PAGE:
8 Reasons Why Pride Is The Core Of Leadership Failure

by  John Bossong  |  Leadership Development

Craig looked intently at his staff. Every Monday morning staff meeting was intense.  Craig expected results and he held everyone accountable.  Not necessarily himself.

No one talked, they just listened. Craig was on a rant.  This was typical, he had a pretty big ego and drew a line in the sand quite often. This line, however, could be detrimental.

One of their largest customers had a problem.  Kim had addressed the issue with Craig for two weeks. He wouldn’t budge. They were wrong, he was right. They would not compromise.

Kim knew the answer, she couldn’t argue (discuss) any longer. She would communicate the decision to the customer.   The staff left the meeting not uplifted and excited for the week ahead, but discouraged and stressed.

8 Reasons Why Pride is the Core of Leadership Failure | Lead Change Group

How many times has this scenario played out where you work?  How many times has your leaders’ pride trumped a customer  or damaged a vendor relationship that took years to build?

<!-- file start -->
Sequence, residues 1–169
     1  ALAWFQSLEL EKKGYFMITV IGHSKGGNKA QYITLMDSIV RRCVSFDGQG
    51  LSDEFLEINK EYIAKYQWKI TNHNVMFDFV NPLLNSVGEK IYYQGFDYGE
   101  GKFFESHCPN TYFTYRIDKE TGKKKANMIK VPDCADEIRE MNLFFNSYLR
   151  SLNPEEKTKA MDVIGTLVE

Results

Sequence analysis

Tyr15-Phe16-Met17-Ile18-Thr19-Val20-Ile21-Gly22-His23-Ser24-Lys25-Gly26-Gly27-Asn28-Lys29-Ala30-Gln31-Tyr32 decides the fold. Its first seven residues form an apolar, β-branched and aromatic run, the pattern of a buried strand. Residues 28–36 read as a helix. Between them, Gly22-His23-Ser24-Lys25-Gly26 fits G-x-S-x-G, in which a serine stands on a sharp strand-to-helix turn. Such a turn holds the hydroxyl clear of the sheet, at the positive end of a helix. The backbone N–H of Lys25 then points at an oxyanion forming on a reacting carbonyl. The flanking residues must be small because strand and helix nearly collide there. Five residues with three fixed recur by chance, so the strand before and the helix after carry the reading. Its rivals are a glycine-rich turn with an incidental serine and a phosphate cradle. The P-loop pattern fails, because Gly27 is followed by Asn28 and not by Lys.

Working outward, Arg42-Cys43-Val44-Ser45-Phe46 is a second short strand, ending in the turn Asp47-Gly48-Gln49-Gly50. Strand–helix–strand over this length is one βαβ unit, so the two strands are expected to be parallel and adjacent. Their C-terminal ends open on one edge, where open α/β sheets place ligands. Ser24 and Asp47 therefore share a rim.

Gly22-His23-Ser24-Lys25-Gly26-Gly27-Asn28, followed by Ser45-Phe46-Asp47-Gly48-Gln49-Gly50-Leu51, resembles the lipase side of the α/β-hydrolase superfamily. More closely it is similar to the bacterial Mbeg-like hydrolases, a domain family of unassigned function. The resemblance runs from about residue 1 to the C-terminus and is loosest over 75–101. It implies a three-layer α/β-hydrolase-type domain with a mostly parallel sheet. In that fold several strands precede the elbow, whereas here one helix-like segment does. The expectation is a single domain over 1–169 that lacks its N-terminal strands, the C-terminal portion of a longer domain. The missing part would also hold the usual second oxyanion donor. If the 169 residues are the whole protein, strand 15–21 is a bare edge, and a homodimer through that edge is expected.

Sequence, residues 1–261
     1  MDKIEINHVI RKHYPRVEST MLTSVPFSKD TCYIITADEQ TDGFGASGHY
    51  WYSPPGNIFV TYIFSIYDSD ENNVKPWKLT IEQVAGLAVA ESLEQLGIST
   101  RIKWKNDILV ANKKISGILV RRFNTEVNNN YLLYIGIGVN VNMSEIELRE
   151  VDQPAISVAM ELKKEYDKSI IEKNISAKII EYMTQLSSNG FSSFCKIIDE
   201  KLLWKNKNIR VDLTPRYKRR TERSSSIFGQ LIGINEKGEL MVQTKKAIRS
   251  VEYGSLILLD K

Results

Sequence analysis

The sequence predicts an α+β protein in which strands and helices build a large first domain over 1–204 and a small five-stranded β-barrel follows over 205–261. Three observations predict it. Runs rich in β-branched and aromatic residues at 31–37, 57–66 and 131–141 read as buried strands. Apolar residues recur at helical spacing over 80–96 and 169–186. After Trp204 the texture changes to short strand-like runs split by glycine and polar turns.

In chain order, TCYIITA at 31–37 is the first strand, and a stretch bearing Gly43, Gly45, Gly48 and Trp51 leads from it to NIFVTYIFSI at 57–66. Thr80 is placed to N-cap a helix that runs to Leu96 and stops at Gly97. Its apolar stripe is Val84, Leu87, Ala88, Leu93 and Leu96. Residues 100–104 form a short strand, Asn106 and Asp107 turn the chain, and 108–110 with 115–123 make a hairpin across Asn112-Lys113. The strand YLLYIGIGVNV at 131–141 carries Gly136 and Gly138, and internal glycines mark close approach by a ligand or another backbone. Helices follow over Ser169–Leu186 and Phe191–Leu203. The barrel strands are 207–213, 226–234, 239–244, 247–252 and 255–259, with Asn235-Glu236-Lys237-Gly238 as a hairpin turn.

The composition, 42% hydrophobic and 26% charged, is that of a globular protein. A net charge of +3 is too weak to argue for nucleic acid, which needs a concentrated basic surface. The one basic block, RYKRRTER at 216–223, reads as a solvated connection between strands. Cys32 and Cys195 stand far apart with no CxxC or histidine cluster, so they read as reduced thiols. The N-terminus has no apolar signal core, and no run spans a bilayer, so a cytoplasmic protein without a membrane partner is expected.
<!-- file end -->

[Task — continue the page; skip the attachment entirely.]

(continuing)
All because of pride.

Pride vs Humility (The Leaders Choice)

We are all prideful. Let’s be honest. You take great pride in your family, your skills and abilities and your accomplishments.  Deep down we are all self-centered somewhat.

However, if there is one thing that causes leaders to lose their ability to lead effectively, it’s pride.  It’s at the core of a lot of leadership failures. These failures reinforce the importance of humility in leaders.

Those who worked with or wrote about the good-to-great leaders continually used words like quiet, humble, modest, reserved, shy, gracious, mild-mannered, self-effacing, understated, did not believe his own clippings – Jim Collins, author of Good To Great.